The International Monetary Fund (IMF) said on Wednesday that it will extend additional financial support of $127m (£78m) to three Ebola-hit West African countries - Guinea, Liberia, and Sierra Leone.
Significant financing gaps have emerged as export and tax revenues have fallen, and governments try to meet additional needs to finance their healthcare systems and food and fuel imports, the IMF noted.
The IMF estimated that the total financing gap for the region will be around $300m over the next six to nine months, and said the assistance announced on Wednesday will be made available immediately.
The United Nations has warned that up to 20,000 people across West Africa could be infected by Ebola by the end of the year, while some aid agencies predict the figure could even be twice that.
"The governments of the three countries have requested additional IMF support to help cover the acute financing needs they are facing as a result of the outbreak," said Christine Lagarde, the managing director of IMF, in a press release on 17 September.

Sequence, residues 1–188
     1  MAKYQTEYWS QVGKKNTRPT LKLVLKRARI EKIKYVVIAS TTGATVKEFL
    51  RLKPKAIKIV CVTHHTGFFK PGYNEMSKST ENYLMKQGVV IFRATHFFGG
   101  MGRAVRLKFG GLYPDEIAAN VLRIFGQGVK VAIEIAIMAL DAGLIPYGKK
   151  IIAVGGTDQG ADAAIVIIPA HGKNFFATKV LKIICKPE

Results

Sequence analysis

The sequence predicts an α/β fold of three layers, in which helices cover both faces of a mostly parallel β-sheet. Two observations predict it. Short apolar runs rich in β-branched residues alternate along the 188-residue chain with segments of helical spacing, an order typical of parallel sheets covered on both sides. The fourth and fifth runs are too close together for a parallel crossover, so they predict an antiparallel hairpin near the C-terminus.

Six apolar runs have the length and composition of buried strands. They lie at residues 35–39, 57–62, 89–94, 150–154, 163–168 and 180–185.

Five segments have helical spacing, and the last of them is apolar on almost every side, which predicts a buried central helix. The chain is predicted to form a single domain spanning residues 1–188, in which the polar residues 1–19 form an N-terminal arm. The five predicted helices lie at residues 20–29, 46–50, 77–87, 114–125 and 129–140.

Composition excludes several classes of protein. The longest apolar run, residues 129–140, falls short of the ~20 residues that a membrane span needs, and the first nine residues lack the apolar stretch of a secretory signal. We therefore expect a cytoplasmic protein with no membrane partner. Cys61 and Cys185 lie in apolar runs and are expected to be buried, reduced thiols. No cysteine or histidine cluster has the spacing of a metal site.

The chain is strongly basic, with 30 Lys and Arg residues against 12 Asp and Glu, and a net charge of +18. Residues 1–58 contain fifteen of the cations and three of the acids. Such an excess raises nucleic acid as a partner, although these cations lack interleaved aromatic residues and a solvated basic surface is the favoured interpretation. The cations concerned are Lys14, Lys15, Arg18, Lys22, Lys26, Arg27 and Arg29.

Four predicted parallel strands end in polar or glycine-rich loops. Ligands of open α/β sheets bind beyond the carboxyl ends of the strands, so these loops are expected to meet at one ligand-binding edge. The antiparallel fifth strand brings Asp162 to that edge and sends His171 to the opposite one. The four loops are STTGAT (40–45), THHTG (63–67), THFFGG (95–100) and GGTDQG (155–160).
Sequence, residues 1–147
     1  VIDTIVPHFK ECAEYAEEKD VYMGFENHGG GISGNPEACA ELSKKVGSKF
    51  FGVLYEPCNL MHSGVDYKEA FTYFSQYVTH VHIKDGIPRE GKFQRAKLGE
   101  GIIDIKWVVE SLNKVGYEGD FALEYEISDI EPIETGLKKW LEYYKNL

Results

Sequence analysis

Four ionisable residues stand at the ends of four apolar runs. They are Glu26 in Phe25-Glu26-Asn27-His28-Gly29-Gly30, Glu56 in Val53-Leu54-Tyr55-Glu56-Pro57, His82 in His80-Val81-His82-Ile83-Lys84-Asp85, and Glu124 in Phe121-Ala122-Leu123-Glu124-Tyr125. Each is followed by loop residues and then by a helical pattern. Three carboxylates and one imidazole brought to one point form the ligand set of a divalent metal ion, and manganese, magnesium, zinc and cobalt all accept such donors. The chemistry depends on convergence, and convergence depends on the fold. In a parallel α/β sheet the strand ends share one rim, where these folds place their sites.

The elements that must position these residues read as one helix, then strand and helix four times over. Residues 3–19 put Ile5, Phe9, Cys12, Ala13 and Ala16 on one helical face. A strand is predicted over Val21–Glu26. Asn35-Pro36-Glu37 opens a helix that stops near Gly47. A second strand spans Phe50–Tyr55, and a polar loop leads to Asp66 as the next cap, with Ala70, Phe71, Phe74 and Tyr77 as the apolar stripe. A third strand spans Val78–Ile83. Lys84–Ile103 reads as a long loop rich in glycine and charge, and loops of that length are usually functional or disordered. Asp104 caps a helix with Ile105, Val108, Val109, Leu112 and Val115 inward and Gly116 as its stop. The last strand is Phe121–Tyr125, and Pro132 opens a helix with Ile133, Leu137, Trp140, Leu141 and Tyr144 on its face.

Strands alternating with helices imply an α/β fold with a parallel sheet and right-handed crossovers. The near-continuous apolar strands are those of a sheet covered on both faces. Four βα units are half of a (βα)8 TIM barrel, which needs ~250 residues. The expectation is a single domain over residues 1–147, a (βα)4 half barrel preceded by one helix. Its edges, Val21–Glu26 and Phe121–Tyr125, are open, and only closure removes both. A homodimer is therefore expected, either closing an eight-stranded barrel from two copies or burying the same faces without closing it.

US President Barack Obama has called the outbreak "a potential threat to global security". The US said on Tuesday that it would send 3,000 troops to help fight the crisis.
One of the US mission's priorities will be building 17 new 100-bed healthcare facilities, while another will be training 500 new health workers a week to help deal with infected patients.
Beyond the human toll, the Ebola outbreak is having a significant economic and social impact on the three countries, IMF said.
Food and labour supply disruptions are hitting the poor and vulnerable groups hardest. Economic growth is likely to slow sharply in all three countries as key economic sectors such as agriculture, mining, and services are being disrupted, IMF said.
Additional and prompt balance of payments and budget support will be important to support macroeconomic stability for the region, the fund said, and added that it will consider additional financing in early October.